Costa Rican women have
come far, but still have far to go
As the world celebrated International Women’s Day on Monday, Costa Rica took stock in how far Costa Rican women – the “Ticas” – have come, but also eyed the stretch of road to equality that still lies ahead.
Ticas are taking jobs outside the home and climbing the labor ladder like never before. A Tica, Laura Chinchilla, will become the country’s first female president on May 8.
“On a macro level I think women in Costa Rica have come a long way in a number of areas,” said Simone Bunse, a former lecturer at INCAE Business School in Costa Rica who has researched women in leadership. She cited Ticas’ literacy and education levels as both being above those of males.
“However, we are far from a picture of ‘the empowered woman’ we may want to see,” she said.
This year’s International Women’s Day came under the United Nations’ theme “Equal rights, equal opportunities: Progress for all.”
According to Mabel Figueroa, coordinator for public policy for gender equality at the National Women’s Institute (INAMU), progress for Ticas continues to be unnecessarily stifled.
Studies have shown that the earnings of Costa Rican women are trailing those of men. In 1996, females earned 15 percent less than their male counterparts in a similar job. By 2008, the salary gap had risen to 26 percent, according to an October 2009 report by the government-run INAMU and the independent research group State of the Nation.
“One of the most powerful reasons (for the wage gap) is that the society believes that a woman’s salary is a household’s secondary rather than its principal income,” said Figueroa.
Despite women’s gains in society, many Ticos still view a woman’s role to be in the home, when that’s increasingly not the reality, said Figueroa. According to official statistics, a considerable number of women are their household’s primary breadwinner.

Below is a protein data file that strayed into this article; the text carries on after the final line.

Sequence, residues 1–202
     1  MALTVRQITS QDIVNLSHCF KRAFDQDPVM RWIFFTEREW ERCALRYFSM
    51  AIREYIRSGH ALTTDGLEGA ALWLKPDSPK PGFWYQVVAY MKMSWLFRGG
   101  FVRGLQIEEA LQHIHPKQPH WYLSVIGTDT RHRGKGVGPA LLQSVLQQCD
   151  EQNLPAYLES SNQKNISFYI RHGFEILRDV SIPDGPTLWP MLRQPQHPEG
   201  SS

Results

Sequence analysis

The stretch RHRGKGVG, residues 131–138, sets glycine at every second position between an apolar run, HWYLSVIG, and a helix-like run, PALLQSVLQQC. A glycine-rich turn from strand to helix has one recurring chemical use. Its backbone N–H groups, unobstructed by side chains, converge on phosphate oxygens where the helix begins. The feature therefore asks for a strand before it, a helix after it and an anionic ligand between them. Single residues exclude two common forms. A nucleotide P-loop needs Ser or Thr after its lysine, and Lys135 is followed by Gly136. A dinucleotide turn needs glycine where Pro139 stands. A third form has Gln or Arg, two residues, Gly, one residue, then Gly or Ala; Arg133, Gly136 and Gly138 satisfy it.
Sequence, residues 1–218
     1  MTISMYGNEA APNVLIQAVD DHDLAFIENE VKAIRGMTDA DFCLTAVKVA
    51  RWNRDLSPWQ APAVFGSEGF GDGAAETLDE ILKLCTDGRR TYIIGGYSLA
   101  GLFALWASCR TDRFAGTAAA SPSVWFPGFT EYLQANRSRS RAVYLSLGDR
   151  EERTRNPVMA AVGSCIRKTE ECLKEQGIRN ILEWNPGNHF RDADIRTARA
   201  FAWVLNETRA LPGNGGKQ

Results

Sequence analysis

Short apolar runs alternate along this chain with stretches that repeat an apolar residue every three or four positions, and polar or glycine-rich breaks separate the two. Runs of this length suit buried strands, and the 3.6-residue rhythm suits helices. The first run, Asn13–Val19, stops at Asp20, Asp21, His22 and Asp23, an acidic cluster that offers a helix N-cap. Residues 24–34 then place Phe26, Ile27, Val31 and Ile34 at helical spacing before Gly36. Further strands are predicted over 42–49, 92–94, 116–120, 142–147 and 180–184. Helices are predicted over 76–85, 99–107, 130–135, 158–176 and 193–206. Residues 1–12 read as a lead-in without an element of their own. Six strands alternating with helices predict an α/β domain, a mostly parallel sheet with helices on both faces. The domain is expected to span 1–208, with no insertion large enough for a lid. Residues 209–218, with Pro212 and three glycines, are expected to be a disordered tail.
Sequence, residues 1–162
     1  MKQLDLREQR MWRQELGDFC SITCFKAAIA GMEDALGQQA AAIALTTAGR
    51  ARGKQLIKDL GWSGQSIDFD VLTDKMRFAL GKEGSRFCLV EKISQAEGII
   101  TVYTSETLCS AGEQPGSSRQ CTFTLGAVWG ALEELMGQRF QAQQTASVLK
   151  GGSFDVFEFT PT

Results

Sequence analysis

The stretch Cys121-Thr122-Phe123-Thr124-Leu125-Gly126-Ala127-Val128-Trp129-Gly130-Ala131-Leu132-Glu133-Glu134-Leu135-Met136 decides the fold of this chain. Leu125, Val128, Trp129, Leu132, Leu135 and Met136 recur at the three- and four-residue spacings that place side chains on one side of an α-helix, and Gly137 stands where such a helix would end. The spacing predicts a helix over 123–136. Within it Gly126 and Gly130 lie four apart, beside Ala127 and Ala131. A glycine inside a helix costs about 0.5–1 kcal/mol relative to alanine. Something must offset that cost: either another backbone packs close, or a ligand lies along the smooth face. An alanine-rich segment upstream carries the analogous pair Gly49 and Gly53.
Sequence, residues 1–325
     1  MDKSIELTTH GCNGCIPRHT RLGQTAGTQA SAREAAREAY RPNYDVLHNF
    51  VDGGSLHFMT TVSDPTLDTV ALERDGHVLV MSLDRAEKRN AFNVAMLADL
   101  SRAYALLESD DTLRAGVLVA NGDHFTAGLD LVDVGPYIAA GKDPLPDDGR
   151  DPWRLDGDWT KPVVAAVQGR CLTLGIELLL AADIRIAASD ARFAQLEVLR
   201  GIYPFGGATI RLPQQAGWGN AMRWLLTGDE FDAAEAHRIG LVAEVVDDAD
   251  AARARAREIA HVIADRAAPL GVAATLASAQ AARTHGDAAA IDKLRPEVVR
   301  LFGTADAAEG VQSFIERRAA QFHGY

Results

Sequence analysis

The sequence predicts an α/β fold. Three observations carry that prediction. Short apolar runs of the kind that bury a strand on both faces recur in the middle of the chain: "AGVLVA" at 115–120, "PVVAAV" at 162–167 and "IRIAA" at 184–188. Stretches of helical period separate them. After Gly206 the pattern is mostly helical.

For Raquel Herrera, programs specialist at the United Nations Development Program’s Costa Rica office, Ticas face difficult choices around their career and family.
Word of the Day
Main Entry: stifle
Inflected Form(s): sti·fled; sti·fling
Etymology: alteration of Middle English stuflen
1a : to kill by depriving of oxygen : suffocate
b (1) : smother
(2) : muffle
2 a : to cut off (as the voice or breath)
b : to withhold from circulation or expression : repress <stifled our anger>
*c : deter, discourage
intransitive verb : to become suffocated by or as if by lack of oxygen : smother <stifling in the heat>
— sti·fler noun
— sti·fling·ly adverb
Breadwinner: n. a member of a family whose wages supply its livelihood
Eye: v. to contemplate, consider
Literacy: n. the quality or state of being able to read and write
Stock: n. an estimate or evaluation of something
Trail: v. to lag behind: do poorly in relation to others
Love those Phrasal Verbs!
Check back tomorrow for phrasal verbs!
Below are some phrases used in business emails in English. To learn more phrases and expressions, consider Idioma Internacional’s AFD 450 Emailing and Business Communication Course!
Attached please find January’s sales.
I have attached the January sales figures for your review.
Announcing future action
I will call you next week to follow up.
I’ll see you at Friday’s meeting.
I will plan on meeting with you on Thursday at 10am.